A New Kind of Blog

There is a world of information about Ecuador. It is one of the most popular countries for people who want to retire to a place where the dollar goes much farther than in the US, a place for adventuresome families who want to experience a new language and exciting culture. However, much of what you read or hear does not touch on the practical, the problematic, or the local information necessary to make things work. There are many blogs which are basically daily diary’s from people who live here. But this blog will be different. We know how hard it is to get accurate and timely information. We have been through it. All of us who live here have learned step by step and we question whether it is necessary to have every newcomer reinvent the wheel. We hope this blog will help shorten the learning curve. There are many hurdles but all are surmountable. What is required is patience, an understanding of local ways, and a realization that you are going to live in a country which is not the same as the US, Canada, or Britain. Our choice was to live in the wonderful city of Cuenca in the Southern Sierra but this may not be your decision and you will therefore have to look further to find the answers you need for different areas like the coast or the Amazon. Please realize that all the suggestions and ideas are based on our experiences. Ecuadorian regulations change rapidly and must be checked before you make any investments or major decisions. Please email us at Sailorburr@gmail.com and let us know if you have any questions or comments.

Saturday, December 26, 2009


Christmas Day
The buildup to Christmas was over and the big day upon us. Jonny was, of course, beside himself with anxiety over whether Santa would find our apartment without a chimney and how was he ever going to get to every child in the world before dawn. We did our best to ward off his fears. At 6:10 AM our bedroom door flew open and the announcement was made that Santa had come. All was saved. A half hour later every package had been torn open, each toy played with and we had gulped down a saving cup of coffee. All morning was spent in a child’s world, a place almost all of us have forgotten. Then off in the car into the mountains on one of the sunniest, bright days we have ever seen. Up and out of Cuenca through the street lined with tall brick apartment buildings where so many of our friends live, through little villages with whole families sitting by the road watching the cars go by, up and up into the Cajas National Park. At about 12,000 feet, we turned off the highway onto a dirt road that winds along a stream and ponds filled with trout.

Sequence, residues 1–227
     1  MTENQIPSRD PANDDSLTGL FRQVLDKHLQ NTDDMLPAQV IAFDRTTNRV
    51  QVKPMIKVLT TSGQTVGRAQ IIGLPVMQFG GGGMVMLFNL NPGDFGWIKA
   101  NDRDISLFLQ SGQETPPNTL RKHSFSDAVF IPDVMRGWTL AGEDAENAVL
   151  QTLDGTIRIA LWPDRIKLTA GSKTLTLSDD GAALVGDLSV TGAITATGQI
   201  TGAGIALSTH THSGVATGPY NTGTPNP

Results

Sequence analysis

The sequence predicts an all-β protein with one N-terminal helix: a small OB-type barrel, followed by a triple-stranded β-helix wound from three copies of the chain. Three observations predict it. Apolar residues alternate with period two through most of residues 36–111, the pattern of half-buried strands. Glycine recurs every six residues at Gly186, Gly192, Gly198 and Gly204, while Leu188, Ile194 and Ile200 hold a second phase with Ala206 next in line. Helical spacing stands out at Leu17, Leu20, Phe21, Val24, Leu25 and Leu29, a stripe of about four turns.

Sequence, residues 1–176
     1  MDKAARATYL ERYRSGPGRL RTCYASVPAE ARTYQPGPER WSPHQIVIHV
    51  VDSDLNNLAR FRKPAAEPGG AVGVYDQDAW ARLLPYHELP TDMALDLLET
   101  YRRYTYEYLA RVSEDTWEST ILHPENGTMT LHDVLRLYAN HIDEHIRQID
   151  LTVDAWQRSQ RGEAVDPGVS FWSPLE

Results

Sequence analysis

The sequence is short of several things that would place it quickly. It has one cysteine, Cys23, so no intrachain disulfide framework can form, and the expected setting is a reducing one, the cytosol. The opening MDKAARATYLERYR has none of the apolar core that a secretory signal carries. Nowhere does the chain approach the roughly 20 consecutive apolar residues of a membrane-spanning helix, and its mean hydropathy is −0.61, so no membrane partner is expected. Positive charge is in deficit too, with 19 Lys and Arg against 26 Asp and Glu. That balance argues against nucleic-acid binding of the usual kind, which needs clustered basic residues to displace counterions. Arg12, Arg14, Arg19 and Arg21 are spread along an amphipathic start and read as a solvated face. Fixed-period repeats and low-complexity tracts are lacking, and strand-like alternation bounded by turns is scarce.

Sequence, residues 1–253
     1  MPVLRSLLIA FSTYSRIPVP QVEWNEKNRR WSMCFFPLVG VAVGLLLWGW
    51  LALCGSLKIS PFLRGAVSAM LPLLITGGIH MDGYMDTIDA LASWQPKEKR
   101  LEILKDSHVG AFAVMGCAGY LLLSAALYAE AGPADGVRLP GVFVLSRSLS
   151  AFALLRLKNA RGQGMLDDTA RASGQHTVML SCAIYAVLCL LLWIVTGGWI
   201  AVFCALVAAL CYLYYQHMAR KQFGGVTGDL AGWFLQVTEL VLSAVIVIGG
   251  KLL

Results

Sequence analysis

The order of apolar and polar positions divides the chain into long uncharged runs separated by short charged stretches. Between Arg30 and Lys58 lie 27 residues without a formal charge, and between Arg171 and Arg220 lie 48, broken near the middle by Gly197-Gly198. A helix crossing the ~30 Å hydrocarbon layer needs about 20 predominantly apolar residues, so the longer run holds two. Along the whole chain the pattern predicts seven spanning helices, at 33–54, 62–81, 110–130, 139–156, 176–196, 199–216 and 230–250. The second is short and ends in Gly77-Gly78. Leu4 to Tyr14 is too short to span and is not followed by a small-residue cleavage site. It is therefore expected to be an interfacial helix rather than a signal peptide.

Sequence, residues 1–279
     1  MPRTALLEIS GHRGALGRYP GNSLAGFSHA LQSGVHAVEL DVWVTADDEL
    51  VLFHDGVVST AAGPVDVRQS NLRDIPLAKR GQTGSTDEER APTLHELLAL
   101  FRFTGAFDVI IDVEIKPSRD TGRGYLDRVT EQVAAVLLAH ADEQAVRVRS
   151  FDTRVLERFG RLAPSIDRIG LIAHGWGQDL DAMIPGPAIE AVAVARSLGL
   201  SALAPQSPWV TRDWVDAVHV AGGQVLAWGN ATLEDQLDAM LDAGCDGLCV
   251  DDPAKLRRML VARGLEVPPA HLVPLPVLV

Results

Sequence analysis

We were headed toward our favorite fish restaurant, Dos Chorreras or Two Falls, for Christmas dinner. It was unusual for us to put on sweaters but it is quite cool at that altitude even though we are almost on the equator. Jonny played in the woods, slipping and sliding down grassy hills, jumping a tumbling brook, and pretending to fish with a stick in a little lake. Then came a huge dinner of delicious potato soup, steak and trout, a carafe of sweet Ecuadorian liquor for Loretta and me, plus an enormous selection of deserts, that ran $25 for the three of us. It was almost impossible to get Jonny to leave after two women workers from the fish ponds dumped two large buckets of trout into an indoor pond. All the children in the restaurant spent the next hour helping the fish “come to” after the shock of being netted and carried up the hill in buckets. A photo I missed was Jonny holding a foot long rainbow trout in both of his little hands with an expression on his face of sheer joy and success.

He napped after such a long day as we drove through Cuenca to see what was going on, passed some parades and came home exhausted and happy. Aided by Santa, Cuenca’s effervescent holiday spirit, and the joy of our child, Christmas in Cuenca lived up to all of our expectations and more.

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